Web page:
June 06, 2008

Regranex Gel 0.01% (becaplermin), a cream used to treat diabetic foot ulcers, will now carry a “boxed warning” on its label after a study found a greater number of cancer-related deaths in frequent users of the drug, the U.S. Food and Drug Administration announced Friday.

Patients using three or more tubes of Regranex had a five-fold higher risk of cancer mortality than non-users.

"However, the risk of getting new cancers among Regranex users was not increased compared to non-users," according to an FDA statement. "The duration of follow-up of patients in this study was not long enough to detect new cancers."

Ortho-McNeil and Ethicon, Inc. issued a letter to doctors to clarify how the drug should be used.

"In announcing this label change, FDA still cautions health care professionals to carefully weigh the risks and benefits of treating patients with Regranex," said Susan Walker, MD, director of the Division of Dermatological and Dental Products, in a prepared statement. "Regranex is not recommended for patients with known malignancies."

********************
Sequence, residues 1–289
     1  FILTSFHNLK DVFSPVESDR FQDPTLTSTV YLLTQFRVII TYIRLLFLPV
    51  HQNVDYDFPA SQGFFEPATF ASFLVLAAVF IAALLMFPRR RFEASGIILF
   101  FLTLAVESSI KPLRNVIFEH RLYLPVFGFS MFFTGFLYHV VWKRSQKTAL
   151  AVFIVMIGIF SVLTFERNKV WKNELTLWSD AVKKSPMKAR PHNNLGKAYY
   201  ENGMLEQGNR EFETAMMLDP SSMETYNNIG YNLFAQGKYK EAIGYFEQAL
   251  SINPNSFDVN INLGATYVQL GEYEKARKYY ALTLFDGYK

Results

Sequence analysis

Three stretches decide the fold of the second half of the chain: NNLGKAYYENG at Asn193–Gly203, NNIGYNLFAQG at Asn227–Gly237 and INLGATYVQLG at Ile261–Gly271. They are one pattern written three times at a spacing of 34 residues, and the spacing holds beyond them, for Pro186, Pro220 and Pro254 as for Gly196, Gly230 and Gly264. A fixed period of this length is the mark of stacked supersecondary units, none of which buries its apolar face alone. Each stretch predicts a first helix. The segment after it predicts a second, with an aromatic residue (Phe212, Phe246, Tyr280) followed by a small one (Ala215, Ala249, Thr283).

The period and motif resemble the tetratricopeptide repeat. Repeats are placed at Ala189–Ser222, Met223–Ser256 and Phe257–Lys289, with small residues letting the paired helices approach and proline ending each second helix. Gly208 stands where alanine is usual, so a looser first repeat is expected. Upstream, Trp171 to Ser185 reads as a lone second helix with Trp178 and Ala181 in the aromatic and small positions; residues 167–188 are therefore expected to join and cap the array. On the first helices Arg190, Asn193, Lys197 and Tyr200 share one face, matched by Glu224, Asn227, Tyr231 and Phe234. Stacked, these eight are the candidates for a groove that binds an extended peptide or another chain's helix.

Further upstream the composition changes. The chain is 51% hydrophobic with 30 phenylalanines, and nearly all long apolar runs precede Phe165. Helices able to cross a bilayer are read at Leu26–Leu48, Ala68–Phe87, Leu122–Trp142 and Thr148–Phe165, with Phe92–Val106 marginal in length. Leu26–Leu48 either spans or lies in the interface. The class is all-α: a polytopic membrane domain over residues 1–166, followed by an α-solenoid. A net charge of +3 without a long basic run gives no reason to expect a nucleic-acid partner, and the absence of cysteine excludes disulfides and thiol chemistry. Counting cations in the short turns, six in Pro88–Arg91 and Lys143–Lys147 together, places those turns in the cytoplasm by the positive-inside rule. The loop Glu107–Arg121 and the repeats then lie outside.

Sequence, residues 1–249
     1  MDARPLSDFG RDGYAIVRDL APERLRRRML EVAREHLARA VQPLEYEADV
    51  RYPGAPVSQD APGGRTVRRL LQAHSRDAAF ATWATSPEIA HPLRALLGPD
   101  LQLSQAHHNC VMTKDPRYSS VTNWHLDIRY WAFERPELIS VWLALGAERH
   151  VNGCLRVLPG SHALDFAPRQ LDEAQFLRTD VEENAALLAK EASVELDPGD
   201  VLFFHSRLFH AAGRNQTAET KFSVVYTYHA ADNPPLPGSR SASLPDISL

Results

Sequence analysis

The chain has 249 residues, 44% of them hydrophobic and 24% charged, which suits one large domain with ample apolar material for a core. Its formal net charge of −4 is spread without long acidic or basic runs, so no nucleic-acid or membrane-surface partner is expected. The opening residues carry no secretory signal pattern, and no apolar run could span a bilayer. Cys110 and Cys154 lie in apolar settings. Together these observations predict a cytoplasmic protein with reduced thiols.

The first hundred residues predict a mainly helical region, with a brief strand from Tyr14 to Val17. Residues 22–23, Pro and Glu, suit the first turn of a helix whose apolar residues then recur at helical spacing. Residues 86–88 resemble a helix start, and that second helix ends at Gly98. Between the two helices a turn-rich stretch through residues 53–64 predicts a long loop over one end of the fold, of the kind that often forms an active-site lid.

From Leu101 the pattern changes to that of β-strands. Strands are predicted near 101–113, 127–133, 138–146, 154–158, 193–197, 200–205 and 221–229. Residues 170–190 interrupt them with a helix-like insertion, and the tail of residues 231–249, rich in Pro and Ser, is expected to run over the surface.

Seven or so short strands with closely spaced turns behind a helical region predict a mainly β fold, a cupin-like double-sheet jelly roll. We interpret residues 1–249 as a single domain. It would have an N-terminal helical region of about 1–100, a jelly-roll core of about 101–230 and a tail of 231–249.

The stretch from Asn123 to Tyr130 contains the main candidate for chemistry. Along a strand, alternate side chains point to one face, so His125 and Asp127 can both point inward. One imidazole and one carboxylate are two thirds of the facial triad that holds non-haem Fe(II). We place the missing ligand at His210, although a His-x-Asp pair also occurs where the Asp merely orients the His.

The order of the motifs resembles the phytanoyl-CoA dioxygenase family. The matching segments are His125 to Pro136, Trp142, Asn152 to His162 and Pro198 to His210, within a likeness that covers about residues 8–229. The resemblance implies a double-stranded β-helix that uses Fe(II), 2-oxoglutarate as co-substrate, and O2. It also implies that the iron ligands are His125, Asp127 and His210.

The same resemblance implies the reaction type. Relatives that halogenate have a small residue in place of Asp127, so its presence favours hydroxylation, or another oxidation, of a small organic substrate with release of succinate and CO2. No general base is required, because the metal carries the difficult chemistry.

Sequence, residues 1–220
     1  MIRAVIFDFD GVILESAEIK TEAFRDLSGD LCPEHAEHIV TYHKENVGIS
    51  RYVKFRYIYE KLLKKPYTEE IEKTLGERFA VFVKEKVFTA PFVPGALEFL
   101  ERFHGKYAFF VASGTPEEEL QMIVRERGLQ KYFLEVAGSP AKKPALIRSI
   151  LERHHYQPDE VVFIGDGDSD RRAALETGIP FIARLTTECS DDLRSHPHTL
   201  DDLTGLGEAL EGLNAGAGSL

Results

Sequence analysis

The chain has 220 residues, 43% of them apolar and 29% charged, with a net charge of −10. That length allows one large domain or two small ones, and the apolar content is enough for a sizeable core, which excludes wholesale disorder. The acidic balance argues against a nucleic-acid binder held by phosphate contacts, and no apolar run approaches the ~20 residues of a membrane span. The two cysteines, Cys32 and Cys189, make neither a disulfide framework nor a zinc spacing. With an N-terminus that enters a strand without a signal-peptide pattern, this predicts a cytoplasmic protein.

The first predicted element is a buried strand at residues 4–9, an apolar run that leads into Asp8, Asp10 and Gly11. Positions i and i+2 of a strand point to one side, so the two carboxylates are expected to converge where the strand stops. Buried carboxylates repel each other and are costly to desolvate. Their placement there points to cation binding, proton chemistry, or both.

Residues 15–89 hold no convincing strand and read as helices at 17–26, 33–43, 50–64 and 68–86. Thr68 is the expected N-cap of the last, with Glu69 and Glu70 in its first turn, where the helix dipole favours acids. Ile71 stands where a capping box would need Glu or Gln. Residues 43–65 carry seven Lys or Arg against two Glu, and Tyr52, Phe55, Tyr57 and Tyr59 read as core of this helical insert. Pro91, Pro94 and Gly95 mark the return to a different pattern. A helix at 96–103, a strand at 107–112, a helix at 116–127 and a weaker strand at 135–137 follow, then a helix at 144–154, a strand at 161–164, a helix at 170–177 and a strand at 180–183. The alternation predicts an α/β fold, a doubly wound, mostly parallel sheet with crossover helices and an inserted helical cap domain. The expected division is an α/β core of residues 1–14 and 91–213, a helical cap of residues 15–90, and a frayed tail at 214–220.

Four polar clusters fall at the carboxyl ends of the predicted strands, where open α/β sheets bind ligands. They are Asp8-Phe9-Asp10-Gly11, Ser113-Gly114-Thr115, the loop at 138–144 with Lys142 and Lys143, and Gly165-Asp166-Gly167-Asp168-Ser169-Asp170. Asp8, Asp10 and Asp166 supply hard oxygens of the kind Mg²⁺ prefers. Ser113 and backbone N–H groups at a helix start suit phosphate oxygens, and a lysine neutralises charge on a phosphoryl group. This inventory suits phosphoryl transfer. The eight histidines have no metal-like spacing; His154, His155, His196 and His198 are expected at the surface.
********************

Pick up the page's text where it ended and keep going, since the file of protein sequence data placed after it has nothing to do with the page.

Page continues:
The drug was approved by the FDA in 1997 and is a genetically engineered version of human platelet-derived growth factor, a normally occurring molecule that spurs cell growth in the body.


Related Links:
How to Avoid Amputations if You Have Diabetes
How to Prevent Diabetic Neuropathy

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The 7 Most Common Diabetes-Related Medical Emergencies


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